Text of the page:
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Journal of the Optical Society of America A

Journal of the Optical Society of America A


  • Vol. 9, Iss. 1 — Jan. 1, 1992
  • pp: 154–166

Experimental test of an analytical model of aberration in an oil-immersion objective lens used in three-dimensional light microscopy

Sarah Frisken Gibson and Frederick Lanni  »View Author Affiliations

JOSA A, Vol. 9, Issue 1, pp. 154-166 (1992)

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Oil-immersion microscope objective lenses have been designed and optimized for the study of thin, two-dimensional object sections that are mounted immediately below the coverslip in a medium that is index matched to the immersion oil. It has been demonstrated both experimentally and through geometrical- and physical-optics theory that, when the microscope is not used with the correct coverslip or immersion oil, when the detector is not located at the optimal plane in image space, or when the object does not satisfy specific conditions, aberration will degrade both the contrast and the resolution of the image. In biology the most severe aberration is introduced when an oil-immersion objective lens is used to study thick specimens, such as living cells and tissues, whose refractive indices are significantly different from that of the immersion oil. We present a model of the three-dimensional imaging properties of a fluorescence light microscope subject to such aberration and compare the imaging properties predicted by the model with those measured experimentally. The model can be used to understand and compensate for aberration introduced to a microscope system under nondesign optical conditions so that both confocal laser scanning microscopy and optical serial sectioning microscopy can be optimized.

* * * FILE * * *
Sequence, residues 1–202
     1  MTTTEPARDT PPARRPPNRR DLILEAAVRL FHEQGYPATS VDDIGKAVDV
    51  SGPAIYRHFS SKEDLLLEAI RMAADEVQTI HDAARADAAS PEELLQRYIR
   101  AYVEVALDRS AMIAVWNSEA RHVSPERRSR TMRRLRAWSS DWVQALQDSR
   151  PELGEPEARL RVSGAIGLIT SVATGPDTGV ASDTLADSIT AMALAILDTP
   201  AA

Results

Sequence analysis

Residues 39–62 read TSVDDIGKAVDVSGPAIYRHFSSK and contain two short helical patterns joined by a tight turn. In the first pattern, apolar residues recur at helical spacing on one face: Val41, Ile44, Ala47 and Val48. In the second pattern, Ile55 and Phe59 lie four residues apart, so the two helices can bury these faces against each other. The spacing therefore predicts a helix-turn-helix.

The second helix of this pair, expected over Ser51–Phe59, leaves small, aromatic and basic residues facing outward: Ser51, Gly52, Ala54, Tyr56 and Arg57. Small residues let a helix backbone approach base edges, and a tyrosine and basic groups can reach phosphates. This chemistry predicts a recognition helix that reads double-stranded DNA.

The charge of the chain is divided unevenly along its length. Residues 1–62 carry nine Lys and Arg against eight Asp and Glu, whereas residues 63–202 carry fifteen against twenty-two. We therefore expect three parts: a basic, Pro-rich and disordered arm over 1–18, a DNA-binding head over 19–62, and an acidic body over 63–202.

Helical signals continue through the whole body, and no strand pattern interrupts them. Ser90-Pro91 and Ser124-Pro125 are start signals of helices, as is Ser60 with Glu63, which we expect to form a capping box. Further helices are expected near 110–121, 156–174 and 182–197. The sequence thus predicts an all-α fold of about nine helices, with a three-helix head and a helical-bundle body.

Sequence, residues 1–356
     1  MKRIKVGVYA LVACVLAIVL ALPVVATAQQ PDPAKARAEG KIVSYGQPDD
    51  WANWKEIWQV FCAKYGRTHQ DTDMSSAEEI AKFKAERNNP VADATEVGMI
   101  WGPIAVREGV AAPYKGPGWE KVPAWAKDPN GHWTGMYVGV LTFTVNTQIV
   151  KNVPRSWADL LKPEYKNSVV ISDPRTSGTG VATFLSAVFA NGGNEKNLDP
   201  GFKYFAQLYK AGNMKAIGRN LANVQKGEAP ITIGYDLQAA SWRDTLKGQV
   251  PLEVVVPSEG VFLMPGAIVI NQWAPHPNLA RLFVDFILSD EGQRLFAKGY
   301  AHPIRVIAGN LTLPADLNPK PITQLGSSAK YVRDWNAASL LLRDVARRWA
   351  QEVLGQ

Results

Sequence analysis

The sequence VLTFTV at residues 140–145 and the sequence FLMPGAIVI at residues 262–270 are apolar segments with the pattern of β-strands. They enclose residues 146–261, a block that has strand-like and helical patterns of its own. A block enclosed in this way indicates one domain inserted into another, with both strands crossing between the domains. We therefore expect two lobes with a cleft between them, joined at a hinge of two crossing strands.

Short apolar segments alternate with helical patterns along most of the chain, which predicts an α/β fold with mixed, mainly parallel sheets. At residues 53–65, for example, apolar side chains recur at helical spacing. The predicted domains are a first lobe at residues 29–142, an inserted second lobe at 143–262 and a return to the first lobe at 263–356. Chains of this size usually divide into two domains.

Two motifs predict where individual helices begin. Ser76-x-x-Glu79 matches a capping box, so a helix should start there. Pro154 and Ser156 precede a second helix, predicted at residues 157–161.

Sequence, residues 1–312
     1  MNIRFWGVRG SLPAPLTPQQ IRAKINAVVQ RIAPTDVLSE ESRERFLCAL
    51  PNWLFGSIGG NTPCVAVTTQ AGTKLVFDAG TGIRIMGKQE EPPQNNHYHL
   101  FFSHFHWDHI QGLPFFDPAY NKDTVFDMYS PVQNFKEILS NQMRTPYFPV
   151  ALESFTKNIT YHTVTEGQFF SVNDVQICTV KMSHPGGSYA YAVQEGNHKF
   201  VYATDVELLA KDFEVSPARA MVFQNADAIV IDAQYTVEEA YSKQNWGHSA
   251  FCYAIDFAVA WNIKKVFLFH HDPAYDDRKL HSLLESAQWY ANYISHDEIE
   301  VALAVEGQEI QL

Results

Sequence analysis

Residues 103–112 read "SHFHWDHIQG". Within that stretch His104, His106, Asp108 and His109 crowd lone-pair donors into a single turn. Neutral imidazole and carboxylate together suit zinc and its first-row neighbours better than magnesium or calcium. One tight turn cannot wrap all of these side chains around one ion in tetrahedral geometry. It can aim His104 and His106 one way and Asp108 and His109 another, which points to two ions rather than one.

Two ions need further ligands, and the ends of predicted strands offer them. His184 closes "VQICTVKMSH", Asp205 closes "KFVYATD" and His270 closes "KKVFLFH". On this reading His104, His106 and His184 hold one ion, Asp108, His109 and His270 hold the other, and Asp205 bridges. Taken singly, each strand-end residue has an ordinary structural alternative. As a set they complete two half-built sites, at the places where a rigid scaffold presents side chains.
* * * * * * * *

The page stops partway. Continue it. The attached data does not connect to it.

© 1992 Optical Society of America

Original Manuscript: July 11, 1990
Revised Manuscript: April 8, 1991
Manuscript Accepted: April 9, 1991
Published: January 1, 1992

Sarah Frisken Gibson and Frederick Lanni, "Experimental test of an analytical model of aberration in an oil-immersion objective lens used in three-dimensional light microscopy," J. Opt. Soc. Am. A 9, 154-166 (1992)

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  15. The accuracy of this assumption can easily be verified for a microscope lens system by the use of a planar diffraction grating object illuminated by a monochromatic, collimated laser and a telescope used to observe the back focal surface. We made these measurements on the microscope objective lenses described in this paper and found that the lenses produced compact images over the back focal surface of the individual diffraction orders formed by the grating and that this surface was planar to ±100 μm across the diameter of the back focal surface. The compact image of each order had the appearance of an Airy pattern, from which we conclude that each is a nearly stigmatic image of the incoming parallel rays. We also verified that the diffraction orders were equispaced in the focal plane, as is expected for a lens that obeys the sine condition. The results of this experiment verify the assumption that parallel rays entering a lens system will travel equal optical paths and cross in the back focal plane as well as the assumption that the back focal surface is planar.
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